Perspectives On Slavery Essay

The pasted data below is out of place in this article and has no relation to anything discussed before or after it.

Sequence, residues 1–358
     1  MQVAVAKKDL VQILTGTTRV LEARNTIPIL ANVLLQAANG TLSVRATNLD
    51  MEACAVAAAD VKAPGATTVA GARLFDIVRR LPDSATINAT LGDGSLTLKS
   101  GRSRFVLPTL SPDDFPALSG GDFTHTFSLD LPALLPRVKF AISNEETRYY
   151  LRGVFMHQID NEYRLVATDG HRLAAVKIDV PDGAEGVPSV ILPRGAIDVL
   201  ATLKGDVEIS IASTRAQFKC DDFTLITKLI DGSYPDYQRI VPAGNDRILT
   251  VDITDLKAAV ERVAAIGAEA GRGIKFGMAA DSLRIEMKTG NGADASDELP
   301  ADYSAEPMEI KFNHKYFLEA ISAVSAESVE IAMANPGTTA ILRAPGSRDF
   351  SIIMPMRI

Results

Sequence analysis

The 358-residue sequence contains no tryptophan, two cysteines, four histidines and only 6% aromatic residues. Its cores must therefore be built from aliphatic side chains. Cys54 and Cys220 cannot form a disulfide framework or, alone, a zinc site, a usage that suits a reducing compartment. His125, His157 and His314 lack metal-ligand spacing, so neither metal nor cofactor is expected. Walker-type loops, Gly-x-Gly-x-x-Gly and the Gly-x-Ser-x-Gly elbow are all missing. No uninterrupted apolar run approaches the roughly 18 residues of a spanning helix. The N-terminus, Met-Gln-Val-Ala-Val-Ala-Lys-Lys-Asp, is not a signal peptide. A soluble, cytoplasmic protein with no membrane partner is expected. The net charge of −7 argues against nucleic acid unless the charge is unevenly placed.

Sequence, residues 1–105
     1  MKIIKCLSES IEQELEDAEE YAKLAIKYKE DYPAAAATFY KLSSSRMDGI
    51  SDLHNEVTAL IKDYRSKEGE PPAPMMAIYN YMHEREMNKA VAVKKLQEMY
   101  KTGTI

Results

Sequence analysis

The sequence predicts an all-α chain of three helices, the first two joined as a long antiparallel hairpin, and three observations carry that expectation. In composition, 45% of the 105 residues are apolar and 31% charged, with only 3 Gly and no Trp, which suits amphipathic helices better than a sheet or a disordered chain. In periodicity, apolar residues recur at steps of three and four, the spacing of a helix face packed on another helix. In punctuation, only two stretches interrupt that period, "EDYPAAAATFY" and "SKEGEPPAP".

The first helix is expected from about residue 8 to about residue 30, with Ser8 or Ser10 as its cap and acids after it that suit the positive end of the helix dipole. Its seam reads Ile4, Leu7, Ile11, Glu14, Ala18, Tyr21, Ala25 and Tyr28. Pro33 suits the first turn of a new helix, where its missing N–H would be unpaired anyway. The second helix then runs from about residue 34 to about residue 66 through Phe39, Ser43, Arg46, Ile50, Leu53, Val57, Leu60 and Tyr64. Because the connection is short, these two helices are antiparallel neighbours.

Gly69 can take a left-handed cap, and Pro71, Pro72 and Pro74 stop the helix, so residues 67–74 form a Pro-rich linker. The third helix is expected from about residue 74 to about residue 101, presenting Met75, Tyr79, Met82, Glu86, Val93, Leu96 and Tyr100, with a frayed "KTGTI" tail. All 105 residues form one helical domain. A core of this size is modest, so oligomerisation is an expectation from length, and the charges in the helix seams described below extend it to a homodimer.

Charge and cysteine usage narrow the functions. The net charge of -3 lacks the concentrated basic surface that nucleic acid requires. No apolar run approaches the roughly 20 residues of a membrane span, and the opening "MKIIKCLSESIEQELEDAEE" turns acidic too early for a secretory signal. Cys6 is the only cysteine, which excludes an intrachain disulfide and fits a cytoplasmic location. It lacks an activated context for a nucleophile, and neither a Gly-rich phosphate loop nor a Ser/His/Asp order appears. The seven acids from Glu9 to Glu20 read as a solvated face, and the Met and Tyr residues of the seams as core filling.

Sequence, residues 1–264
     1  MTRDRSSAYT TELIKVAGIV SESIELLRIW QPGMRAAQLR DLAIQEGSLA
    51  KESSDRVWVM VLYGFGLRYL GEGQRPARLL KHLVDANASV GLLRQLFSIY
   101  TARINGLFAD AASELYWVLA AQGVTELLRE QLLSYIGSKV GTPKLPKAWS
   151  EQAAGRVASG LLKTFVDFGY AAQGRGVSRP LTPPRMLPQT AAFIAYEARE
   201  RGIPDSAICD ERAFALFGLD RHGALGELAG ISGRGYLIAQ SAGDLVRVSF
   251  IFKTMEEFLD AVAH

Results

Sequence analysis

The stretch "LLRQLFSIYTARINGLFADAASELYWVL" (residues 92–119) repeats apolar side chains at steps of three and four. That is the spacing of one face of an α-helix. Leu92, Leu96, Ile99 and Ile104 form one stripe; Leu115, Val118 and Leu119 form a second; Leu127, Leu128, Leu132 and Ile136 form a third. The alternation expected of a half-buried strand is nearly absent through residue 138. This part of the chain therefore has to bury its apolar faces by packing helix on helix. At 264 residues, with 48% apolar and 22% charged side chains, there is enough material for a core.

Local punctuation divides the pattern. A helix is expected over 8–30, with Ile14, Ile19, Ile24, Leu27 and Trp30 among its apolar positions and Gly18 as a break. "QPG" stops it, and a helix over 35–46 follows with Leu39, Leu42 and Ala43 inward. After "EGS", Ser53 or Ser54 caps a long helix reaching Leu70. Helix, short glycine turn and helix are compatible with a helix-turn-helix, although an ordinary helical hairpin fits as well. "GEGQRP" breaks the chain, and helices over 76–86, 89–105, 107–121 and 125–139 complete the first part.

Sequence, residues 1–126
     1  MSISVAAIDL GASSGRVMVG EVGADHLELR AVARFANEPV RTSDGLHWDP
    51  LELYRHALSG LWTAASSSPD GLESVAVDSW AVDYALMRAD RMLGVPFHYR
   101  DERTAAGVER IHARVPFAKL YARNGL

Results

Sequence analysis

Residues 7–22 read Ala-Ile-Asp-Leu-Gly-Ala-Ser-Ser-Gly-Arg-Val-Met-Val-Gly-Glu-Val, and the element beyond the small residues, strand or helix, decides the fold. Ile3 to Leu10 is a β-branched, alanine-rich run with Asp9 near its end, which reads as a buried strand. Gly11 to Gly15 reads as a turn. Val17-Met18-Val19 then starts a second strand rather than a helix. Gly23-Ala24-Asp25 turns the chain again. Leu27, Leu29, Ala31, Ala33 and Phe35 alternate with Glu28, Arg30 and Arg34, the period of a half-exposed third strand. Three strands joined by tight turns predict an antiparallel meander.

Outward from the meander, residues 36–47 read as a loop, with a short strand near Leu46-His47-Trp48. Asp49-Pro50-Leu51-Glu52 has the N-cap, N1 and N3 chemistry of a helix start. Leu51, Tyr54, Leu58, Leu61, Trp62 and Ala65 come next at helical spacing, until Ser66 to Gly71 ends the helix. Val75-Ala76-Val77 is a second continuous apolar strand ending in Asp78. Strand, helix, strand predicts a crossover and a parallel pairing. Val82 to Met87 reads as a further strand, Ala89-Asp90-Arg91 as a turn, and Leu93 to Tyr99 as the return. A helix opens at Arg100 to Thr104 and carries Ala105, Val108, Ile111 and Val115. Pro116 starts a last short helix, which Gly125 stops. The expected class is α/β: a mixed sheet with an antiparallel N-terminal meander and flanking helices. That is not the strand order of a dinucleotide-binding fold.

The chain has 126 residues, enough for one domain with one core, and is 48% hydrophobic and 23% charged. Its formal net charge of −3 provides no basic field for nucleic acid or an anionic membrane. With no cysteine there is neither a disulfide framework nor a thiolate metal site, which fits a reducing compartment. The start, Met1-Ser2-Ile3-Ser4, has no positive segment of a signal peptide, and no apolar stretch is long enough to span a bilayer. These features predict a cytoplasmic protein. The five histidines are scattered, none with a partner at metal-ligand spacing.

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For historians who use letters and diaries, the pleasures of reading them translate into specific reasons for why they are valuable windows for looking into the past. Both kinds of personal texts rely on narrative, or storytelling, something which gives historians a useful, inspiring, and sometimes challenging threshold for the story they want to tell. Too, most personal texts have a certain open, candid quality which contrasts with the highly conceptualized and self-protective language of more "official" documents. Finally, although only literate people kept diaries and exchanged letters, both forms were important to a wide variety of people in the past – rich and not-so-rich, old and young, women and men – and thus diaries and letters are among the most democratic of historical sources. With these things in mind, and before we consider particular strategies for reading personal letters and diaries, it is helpful to recall how both forms take their shape from "public" or cultural conventions of expression, and from the aims of each individual diarist or letter writer. (We will be looking mostly at nineteenth century texts, as they set the tone for modern letters and diaries, and yet they also retained elements of earlier forms.) Each letter or diary is the result of how a particular writer modified or "bent" the conventions at hand. In this sense, the conventions might be likened to a script and each diary or letter to an actual performance. The historical richness of these texts is found precisely in the friction between the general form available to all writers and individuals’ use of it for their own purposes. For example, lovers courting each other in the 1850s wrote love letters which tracked along certain expressive paths. They employed certain forms of address, wrote on certain topics, and flirted in certain ways. In a very real sense, they "fell in love" in

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